COLA Hike Might Bring Big Medicare Premium Increases
October 18, 2016 03:51 PM
Social Security’s annual cost of living adjustment (COLA) will be 0.3 percent in 2017, the federal government announced Tuesday. The increase could mean a large premium increase for many Medicare Part B beneficiaries. The COLA is pegged to consumer price inflation (CPI) in the year that ended last September.
It is unclear how much Medicare premiums might increase, though a hike of 22 percent was projected by the Medicare trustees earlier this year. Though Medicare has not announced the final 2017 premium increases, word on that could come in the next few weeks. Last year the Department of Health and Human Services made the announcement on November 10, 2016
According to the 2016 Medicare Trustees Report, Part B premiums are currently scheduled to increase from $121.80/month this year up to $149/month, a bump of 22 percent. The trustees also estimate the Part B deductible will rise from $166 to $204 next year for all enrollees. Those numbers are only estimates and the actual figures could well be different.
The increase is happening because of a “hold harmless” provision that forbids Medicare Part B premium increases from being larger, in dollar amount, than the beneficiary’s Social Security cost-of-living-adjustment (COLA). This rarely matters because Social Security benefits are much larger than a beneficiary’s Part B premium.However, there was a zero COLA last year and a mere 0.3 percent this year. Therefore, the hold harmless provision is triggered, leaving about 30 percent of beneficiaries with a substantial increase in their Medicare Part B premium and deductible. That 30 percent will have to foot the bill for a premium increase that would normally be spread among all Medicare beneficiaries.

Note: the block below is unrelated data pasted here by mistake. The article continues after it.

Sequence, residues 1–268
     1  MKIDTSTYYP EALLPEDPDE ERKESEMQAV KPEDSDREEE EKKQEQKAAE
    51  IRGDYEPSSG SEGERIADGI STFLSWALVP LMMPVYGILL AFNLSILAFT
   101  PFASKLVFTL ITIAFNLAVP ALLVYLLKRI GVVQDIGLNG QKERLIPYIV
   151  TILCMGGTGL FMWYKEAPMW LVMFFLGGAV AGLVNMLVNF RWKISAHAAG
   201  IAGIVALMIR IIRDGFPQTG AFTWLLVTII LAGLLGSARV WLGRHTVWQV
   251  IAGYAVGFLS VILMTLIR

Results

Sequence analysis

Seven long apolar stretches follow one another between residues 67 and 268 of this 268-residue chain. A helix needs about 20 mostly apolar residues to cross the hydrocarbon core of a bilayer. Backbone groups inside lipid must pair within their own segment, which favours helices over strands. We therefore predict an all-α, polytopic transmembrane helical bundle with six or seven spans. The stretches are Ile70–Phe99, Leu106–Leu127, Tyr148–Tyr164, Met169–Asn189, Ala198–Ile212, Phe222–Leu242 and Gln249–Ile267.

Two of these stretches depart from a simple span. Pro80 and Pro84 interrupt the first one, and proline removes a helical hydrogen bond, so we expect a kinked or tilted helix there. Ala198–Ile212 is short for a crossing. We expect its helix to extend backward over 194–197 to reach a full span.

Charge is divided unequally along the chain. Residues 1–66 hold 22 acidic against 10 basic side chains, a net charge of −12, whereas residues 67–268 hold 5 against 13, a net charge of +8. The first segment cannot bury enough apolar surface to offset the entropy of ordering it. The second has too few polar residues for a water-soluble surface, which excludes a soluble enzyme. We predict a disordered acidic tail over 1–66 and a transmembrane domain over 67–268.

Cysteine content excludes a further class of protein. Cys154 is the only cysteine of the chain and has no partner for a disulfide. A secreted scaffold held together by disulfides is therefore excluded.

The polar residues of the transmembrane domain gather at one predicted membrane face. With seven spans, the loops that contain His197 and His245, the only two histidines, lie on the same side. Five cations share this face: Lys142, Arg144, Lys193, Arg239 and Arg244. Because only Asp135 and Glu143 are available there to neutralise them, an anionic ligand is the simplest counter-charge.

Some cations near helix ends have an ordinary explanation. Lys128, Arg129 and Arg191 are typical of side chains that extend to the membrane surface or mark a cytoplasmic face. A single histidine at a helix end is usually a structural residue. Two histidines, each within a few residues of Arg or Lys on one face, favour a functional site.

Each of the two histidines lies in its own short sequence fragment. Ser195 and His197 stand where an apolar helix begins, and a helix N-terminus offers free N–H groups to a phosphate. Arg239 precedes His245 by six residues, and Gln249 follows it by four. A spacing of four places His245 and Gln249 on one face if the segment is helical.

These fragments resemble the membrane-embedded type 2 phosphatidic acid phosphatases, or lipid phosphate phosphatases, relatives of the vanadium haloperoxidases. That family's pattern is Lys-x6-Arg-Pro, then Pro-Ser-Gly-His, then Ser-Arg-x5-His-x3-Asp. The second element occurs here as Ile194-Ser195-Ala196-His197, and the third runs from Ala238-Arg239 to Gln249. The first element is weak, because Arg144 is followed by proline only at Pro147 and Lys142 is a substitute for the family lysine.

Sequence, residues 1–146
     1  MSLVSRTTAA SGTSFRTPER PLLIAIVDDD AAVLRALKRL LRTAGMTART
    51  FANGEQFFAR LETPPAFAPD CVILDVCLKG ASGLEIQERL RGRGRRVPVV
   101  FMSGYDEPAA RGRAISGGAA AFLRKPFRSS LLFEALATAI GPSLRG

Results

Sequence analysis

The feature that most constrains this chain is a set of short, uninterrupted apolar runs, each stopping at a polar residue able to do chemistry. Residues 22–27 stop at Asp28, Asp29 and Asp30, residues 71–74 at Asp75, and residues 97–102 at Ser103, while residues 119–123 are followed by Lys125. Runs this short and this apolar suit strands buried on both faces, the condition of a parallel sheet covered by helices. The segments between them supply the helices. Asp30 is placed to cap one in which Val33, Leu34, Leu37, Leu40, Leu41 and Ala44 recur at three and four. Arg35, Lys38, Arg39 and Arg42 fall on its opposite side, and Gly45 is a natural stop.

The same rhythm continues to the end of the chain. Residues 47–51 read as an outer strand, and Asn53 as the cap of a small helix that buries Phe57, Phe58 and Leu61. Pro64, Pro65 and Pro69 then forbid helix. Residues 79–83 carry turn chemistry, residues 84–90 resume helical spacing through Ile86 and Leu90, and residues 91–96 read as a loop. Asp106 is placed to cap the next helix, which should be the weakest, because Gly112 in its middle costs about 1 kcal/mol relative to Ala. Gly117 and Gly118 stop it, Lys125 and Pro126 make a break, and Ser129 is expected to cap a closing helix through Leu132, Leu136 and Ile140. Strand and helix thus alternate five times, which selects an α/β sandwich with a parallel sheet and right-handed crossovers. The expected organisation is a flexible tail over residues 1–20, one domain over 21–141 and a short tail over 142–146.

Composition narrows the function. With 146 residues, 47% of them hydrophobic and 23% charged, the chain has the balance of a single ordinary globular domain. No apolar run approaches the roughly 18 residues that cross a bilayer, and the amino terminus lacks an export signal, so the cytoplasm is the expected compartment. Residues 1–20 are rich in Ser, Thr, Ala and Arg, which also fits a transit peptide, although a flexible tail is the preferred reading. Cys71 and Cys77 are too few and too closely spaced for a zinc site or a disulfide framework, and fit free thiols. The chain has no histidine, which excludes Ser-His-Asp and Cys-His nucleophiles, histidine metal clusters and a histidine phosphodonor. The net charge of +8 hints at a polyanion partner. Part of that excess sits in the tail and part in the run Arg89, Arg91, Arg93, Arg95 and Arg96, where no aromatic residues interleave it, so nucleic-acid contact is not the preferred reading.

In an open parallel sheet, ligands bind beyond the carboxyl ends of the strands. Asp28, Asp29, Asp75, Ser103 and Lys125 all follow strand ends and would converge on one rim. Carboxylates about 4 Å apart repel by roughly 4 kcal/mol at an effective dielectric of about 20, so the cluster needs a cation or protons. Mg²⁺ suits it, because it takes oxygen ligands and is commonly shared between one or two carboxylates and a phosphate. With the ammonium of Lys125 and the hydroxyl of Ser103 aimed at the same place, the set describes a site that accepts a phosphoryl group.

Those affected by the increase include:
New Medicare beneficiaries;
Beneficiaries who have not started receiving Social Security;
Low-income beneficiaries who have their premiums paid by Medicaid;
High-income beneficiaries who pay higher premiums between 35 and 80 percent of program costs; and
Certain state and local employees who do not participate in Social Security.
Last year, when there was no COLA adjustment for Social Security benefits, Congress reduced a big increase in Part B premiums affecting about one-third of Medicare recipients. However, that fix only applied to that year and does not cover 2017.
Late last month NAHC and a group of about 75 health care and employee groups sent a letter to Congress on September 27 urging lawmakers to prevent the increase in out of pocket health care costs from occurring.The legislative fix required to remedy this situation is fairly simple, involving the modification of the 2017 safeguard put in last year’s budget deal to apply even with a COLA that is low, but not zero.
"Seniors in Medicare expect their health costs to be affordable and stable, and I'll be looking at every option in the days ahead to make sure that remains the case," said Senate Finance Committee ranking member Ron Wyden (D-Ore.) in a statement.
The CPI index is used to set the COLA, though it has often been criticized for under-estimating actual inflation for things older Americans consume disproportionately, such as health care.
We will continue to monitor and advocate on this issue so stay tuned to NAHC Report for further developments.